At 73, Carolyn Wilkerson has completed her lifelong dream of earning a bachelor’s degree.
“My journey has been one the most rewarding personal decisions that I’ve ever made,” Wilkerson said. “This is probably the only major milestone that I have ever established for myself. I’ve done some things that I think are monumental but nothing of this magnitude, especially at my age. This has been quite rewarding. It’s been a phenomenal journey.”
The Little Rock native will graduate with a bachelor’s degree in applied communication and a minor in sociology this month from the University of Arkansas at Little Rock.
Wilkerson joined UA Little Rock in 2016, fulfilling a promise she made to herself many years ago.
“I didn’t go to college when I graduated high school,” she said. “I always said to myself that when I retire, I am going to go to college. After I retired, my daughter opened a daycare, and I started helping her. Then my children reminded me that I said I was going to go. I always wanted a college degree.”
Having graduated from Little Rock’s Horace Mann High School in 1965, Wilkerson is the third of her high school classmates who have graduated from UA Little Rock in recent years, including Philip Bryant in 2016 and Vivian Littrell in 2019.
“When I came out of high school, I went to vocational school and I ended up with a very nice job,” Wilkerson said. “Once you get into the job market and you make good money, it’s hard to quit to go to school, especially as a mother and wife. I had a friend who encouraged me to go, Philip Bryant.”
Being the eldest of eight children and only the second to earn a college degree, Wilkerson said her extended family has mixed views on her decision to pursue a college degree at 68.
“Needless to say, every possible mental reason not to attend surfaced, reminding me of the time span, the young students on campus, and that real loud voice that said ‘You’re a grandmother,’” she said. “A couple of my sisters and some of my family members think I am crazy. They couldn’t believe I would do this at my age. This is something I wanted to do for me, not for anybody else.”
Wilkerson and her husband, Ronald, pastor of Faith Temple Deliverance Church of God in Christ, have a blended family with a total of seven children, 24 grandchildren, and seven great-grandchildren.
“My husband has been the greatest supporter anyone could have asked for. He got his master’s degree three or four years ago, so whatever I needed to do to make the grade was okay with him,” Wilkerson said. “My children all graduated college and quite well, but I never saw that for myself. They said, ‘Momma, we got it from somewhere. I did not ever think that I would make the Chancellor’s List or the Dean’s List, but I’ve done that nine times and will graduate Cum Laude.”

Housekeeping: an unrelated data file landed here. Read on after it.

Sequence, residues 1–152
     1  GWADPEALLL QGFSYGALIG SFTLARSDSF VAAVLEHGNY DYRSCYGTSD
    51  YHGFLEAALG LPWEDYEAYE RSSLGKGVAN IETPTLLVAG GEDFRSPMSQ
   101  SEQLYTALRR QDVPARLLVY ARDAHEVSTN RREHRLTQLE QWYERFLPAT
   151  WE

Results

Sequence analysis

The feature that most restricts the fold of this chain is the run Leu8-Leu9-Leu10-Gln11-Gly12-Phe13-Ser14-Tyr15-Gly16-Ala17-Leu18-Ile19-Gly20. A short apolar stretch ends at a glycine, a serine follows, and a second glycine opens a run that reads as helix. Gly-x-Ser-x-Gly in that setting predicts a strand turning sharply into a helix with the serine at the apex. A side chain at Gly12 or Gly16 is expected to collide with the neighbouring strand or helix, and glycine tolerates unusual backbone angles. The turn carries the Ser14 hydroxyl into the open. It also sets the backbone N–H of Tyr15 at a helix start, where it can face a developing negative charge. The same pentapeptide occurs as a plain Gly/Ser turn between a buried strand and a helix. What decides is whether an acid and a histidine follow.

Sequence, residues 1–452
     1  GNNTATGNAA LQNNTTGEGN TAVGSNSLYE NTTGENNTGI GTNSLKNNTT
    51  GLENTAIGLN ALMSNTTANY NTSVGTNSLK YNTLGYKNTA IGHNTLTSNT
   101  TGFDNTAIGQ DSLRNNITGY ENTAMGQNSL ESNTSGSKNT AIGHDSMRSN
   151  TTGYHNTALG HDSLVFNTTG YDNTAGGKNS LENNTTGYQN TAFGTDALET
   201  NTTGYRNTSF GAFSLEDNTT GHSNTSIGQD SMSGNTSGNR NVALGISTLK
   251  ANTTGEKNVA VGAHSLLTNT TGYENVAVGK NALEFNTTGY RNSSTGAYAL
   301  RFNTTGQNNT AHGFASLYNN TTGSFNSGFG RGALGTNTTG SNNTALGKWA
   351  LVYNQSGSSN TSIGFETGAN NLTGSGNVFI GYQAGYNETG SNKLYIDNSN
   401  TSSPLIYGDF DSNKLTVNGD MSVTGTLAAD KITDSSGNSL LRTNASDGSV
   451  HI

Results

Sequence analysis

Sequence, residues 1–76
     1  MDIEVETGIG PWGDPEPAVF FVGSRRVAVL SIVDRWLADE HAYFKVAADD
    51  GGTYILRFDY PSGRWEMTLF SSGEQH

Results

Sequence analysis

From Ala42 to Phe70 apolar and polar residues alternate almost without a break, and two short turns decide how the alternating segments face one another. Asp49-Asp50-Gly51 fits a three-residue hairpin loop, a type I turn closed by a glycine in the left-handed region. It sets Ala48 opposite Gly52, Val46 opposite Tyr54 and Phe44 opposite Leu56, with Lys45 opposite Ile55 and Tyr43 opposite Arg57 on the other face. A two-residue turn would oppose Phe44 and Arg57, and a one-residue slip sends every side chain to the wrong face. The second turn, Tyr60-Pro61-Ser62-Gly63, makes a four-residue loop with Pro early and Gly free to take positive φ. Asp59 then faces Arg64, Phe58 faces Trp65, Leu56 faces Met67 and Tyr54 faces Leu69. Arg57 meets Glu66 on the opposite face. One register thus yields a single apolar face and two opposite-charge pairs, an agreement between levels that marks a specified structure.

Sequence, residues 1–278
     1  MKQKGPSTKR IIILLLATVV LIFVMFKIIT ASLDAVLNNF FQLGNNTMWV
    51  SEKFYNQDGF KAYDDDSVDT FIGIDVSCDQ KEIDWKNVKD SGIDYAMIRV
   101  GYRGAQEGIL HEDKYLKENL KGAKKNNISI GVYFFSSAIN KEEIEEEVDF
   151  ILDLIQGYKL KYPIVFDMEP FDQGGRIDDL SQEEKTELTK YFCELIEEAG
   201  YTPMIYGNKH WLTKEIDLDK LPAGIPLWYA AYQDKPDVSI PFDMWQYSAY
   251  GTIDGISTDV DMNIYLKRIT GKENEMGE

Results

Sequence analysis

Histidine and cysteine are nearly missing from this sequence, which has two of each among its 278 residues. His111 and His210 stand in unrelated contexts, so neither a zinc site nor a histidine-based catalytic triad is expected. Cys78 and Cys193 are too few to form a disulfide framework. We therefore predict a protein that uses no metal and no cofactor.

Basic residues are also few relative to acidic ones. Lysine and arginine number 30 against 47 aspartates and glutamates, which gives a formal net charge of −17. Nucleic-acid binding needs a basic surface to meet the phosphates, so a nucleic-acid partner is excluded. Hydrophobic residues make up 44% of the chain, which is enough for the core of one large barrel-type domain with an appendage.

Wilkerson has found several mentors on her road to success.
“In applied communication, I would say my mentors are Dr. April Chatham-Carpenter and Dr. Kristen McIntyre,” Wilkerson said. “They were both phenomenal. Dr. McIntyre was the biggest cheerleader you could ever have. They just don’t get any better than Dr. David Briscoe in sociology. When I hit a slump, Ida Humphrey (senior instructor in mathematics and statistics) was my go-to professor.”
McIntyre, professor of applied communication and director of the UA Little Rock Communication Skill Center, said that Wilkerson helped many students find confidence during her time as an intern at the center.
“Carolyn’s joy and enthusiasm for learning is contagious,” McIntyre said. “She’s always willing to try new things, tackling whatever challenges cross her path with grace and humor. She’s an amazing support to her classmates. During her time as a CSC intern, she was a favorite among students seeking help on their ACOM 1300 assignments. So much so, Carolyn inspired one of the incredibly anxious ACOM 1300 students she helped to join the CSC staff so she could continue building her communication skills and pass on that same support she received from Carolyn to others.”
Now that her education is complete, Wilkerson will use her education to help students who attend the city-sponsored youth program,Bridge 2 Success, which she has been helping to run since her husband started the program in 2011. The program serves at-risk youth ages 13-19 in Little Rock. She also wants to use her degree to help people and “do something that will make a difference in the community.”
As she reflects on her long road to a college degree, Wilkerson has the following advice for college students.
“I would say, especially for young people, that it is a mistake to doubt your capabilities,” Wilkerson said. “As a young woman, I doubted my ability to get into a college arena and really excel. As a senior citizen, I would say that it’s never too late to learn. I wouldn’t know if I hadn’t dared myself to take an adventure that most normally don’t take at my age. I don’t think anyone that wants a degree can’t get it. If I can do it, I believe anyone can do it.”